Q&A: Executive session in middle of public meeting


From the Greene County Daily World:

Q:  After calling the regular meeting to order, a city council conducted a public hearing on a federal disaster recovery grant from Housing and Urban Development. It’s a $280,000 federal grant that the city is basically thinking about co-signing to help a couple’s business grow.

After conducting the public hearing for a while, they went into executive session for about 15 minutes, and then came back out and continued the meeting. They then voted (in the open meeting) to proceed with the grant application process and then went on with their meeting.

As far as I can tell, they didn’t advertise for an executive session.  Did they conduct an illegal executive session? If so, could you give me the Indiana Codes and also the reasoning behind why it was illegal so I can explain it to the mayor.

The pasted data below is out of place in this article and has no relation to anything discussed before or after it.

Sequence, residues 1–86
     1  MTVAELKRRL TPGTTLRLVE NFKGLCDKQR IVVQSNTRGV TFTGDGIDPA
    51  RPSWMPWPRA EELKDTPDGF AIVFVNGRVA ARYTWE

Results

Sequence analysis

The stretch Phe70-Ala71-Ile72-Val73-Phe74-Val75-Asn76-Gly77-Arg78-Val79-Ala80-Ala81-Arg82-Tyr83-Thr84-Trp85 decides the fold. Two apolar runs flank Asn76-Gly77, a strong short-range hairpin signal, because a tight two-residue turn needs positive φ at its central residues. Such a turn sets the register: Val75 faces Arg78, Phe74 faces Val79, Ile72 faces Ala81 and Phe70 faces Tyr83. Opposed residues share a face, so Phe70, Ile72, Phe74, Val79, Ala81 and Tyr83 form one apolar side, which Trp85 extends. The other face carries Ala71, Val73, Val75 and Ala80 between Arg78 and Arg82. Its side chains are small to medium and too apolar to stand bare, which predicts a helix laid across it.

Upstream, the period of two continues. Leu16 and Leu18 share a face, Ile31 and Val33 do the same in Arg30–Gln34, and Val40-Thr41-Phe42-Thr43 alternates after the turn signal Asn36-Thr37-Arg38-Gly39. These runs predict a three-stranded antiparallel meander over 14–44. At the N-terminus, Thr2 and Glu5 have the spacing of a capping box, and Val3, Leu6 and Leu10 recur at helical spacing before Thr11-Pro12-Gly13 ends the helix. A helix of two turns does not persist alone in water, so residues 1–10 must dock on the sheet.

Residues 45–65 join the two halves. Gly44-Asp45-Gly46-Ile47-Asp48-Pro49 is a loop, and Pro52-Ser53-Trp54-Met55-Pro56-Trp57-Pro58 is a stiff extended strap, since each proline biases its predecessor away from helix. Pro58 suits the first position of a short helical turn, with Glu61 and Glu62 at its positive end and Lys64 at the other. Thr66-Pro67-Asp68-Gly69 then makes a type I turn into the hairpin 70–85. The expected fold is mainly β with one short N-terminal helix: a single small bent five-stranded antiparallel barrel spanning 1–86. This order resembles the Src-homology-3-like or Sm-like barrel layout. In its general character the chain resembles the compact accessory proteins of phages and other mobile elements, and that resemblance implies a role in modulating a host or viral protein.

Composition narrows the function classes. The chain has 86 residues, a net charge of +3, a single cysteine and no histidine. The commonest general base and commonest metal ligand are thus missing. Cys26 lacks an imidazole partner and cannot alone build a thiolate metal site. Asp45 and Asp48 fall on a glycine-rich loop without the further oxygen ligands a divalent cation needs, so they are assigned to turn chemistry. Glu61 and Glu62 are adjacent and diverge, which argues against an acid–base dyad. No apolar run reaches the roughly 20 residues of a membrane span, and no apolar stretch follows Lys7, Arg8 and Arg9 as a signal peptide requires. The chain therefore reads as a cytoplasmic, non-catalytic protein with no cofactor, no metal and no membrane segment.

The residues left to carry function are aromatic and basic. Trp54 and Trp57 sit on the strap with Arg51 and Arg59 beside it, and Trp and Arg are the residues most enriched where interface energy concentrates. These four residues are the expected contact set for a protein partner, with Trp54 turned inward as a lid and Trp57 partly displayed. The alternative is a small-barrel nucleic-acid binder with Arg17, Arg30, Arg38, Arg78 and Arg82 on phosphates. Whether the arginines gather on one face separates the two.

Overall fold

A: It appears the city council did violate the Open Door Law. The statute prohibits holding an executive session during the middle of a public meeting. See I.C. 5-14-1.5-6.1(e).

Executive sessions are considered separate events, and the council must provide 48 hours notice of such an event. See I.C. 5-14-1.5-5.

Separating out executive session, which are allowed for specific subject matters [See I.C. 5-14-1.5-6.1], serves to prevent governing bodies from taking its debate on issues that the public has a right to hear behind closed doors. The public has a right to know more about the decision process than the final vote. The public has a right to know the alternatives to the selected path, the pros and cons argued over a policy, which elected officials were advocates or opponents of a position during the debate.

Contact Steve Key, HSPA executive director and general counsel, with media law questions at skey@hspa.com or (317) 624-4427.